Something we predicted a year ago

Esquire, March 1935: “In the March issue for 1934, we introduced the black Homburg to this country. We said then that it was an established English tradition, having already enjoyed, at that time, a London run of about a year. It is only within the last couple of months, however, that this hat has been seen in noticeable numbers around New York, but its popularity is now showing almost daily growth.

The suit is another London favourite (as witness all the new pictures of the Duke of Kent) its two distinguishing features being the long lapel roll to the bottom button and the two seven-inch side vents. This one is in dark grey flannel with a white chalk stripe.

The rest of the outfit consists of a blue checked madras soft shirt with white starched cuffs, a starched collar and a black foulard tie with white polka dots, black blucher shoes, a single-breasted blue topcoat and fawn coloured gloves.”

Well, I’ve tried a Homburg and frankly it’s too much in a city where so few men where any kind of hat. A trilby or fedora is better suited and I’ll stick to my grey and brown Voyagers from Lock’s. However, I love the combination of blue (not navy, note) topcoat and fawn gloves. As if I’m not excited enough about winter as it is.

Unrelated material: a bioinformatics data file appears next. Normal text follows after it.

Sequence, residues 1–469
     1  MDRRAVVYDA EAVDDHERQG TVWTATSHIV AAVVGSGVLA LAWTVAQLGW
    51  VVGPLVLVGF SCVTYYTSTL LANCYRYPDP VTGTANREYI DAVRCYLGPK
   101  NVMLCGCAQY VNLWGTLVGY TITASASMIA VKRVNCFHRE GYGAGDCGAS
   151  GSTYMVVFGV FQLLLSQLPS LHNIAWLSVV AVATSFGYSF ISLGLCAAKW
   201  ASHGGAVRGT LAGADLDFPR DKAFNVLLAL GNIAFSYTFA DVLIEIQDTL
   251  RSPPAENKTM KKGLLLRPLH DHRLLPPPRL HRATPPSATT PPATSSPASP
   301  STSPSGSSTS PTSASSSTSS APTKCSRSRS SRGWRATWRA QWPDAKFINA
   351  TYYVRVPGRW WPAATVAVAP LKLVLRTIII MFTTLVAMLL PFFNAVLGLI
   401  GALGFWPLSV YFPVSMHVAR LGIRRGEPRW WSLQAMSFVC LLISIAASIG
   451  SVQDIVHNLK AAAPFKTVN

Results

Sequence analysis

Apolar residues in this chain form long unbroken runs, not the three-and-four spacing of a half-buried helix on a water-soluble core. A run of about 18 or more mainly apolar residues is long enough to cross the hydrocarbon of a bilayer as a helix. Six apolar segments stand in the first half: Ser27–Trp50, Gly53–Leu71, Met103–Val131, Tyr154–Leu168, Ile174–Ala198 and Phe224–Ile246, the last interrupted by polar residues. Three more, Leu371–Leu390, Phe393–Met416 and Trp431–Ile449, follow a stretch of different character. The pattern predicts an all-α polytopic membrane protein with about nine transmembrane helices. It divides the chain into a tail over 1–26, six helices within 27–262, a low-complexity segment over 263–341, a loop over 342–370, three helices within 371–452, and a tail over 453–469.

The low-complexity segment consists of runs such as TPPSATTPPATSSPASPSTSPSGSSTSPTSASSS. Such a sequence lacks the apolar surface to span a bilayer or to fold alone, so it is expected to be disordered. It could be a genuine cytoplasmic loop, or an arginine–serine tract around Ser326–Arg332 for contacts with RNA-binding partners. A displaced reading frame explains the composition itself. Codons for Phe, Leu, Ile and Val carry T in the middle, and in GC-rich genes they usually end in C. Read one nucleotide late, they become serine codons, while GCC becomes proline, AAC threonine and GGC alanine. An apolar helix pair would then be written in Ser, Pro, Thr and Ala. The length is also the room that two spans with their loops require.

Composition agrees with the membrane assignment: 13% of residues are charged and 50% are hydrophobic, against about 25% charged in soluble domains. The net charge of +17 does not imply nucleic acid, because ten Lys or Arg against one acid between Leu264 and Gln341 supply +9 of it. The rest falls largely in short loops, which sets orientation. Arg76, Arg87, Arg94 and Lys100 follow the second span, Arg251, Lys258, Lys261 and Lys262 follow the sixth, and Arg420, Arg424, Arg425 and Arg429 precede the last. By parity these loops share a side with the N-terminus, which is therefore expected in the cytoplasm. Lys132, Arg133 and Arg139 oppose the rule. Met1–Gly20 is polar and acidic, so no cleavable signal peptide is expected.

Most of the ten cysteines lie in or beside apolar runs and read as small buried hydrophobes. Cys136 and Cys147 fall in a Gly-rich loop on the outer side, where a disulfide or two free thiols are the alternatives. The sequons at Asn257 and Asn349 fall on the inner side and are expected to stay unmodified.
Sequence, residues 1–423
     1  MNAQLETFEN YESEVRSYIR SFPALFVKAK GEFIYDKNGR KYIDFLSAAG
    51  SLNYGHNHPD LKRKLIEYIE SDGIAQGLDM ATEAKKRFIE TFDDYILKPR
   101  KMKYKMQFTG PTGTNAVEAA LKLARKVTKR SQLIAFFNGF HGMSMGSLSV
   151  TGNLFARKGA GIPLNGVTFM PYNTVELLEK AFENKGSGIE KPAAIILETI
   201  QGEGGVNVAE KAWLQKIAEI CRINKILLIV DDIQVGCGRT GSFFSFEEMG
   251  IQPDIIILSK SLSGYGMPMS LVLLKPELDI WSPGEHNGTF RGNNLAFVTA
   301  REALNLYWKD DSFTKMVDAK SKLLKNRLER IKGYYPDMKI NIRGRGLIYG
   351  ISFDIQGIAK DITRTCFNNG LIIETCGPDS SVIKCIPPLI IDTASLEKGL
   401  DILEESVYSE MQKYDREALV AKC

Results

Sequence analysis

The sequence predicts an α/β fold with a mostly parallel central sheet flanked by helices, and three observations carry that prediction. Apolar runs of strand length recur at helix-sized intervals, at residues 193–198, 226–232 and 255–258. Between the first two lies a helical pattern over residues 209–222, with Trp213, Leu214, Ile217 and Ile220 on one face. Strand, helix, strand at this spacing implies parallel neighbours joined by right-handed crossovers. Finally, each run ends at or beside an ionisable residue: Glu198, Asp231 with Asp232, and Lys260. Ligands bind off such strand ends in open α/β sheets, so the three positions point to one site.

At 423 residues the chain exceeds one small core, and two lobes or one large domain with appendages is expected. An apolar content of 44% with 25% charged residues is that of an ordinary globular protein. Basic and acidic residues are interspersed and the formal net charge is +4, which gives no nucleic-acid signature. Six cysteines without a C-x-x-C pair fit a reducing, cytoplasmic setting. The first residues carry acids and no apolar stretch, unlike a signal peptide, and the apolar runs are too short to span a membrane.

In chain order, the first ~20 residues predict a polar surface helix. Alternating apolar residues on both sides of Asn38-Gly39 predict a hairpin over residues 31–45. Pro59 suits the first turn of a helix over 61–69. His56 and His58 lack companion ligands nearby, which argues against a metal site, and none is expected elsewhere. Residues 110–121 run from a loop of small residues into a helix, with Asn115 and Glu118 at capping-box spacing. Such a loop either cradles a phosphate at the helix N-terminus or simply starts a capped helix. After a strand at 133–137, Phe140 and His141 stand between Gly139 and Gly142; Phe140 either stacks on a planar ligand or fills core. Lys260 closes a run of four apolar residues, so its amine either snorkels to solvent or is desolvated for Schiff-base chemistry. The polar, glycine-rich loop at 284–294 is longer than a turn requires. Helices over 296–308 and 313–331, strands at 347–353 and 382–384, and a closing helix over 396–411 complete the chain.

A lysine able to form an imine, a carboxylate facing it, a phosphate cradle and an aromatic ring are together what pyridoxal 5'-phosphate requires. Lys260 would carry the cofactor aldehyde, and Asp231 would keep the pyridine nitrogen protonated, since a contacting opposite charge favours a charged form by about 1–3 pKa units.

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David V

Well, at least you have the Homburg for use with evening wear.

I’m afraid it is the only time I get to wear mine.


Why not just wear the Homburg? Isn’t the point supposed to be that you will wear what others are too jelly-spined to wear?
I have a grey homburg I picked up in junk shop, near mint. I’ve worn it several times during the day and often in the evening. I don’t care what anyone thinks. I know deep down they want to do it too.


I’m with Roger on this – I wear my bowler in London if dressed for the office. Sure, everyone looks at you, but in winter, with an overcoat, scarf and gloves I feel under-dressed without it.


Isn’t it better – it’s certainly much easier – to wear any kind of hat with an overcoat (or raincoat) than with a suit alone? With the coat the look is classical – without it is (to me) plain anachronistic.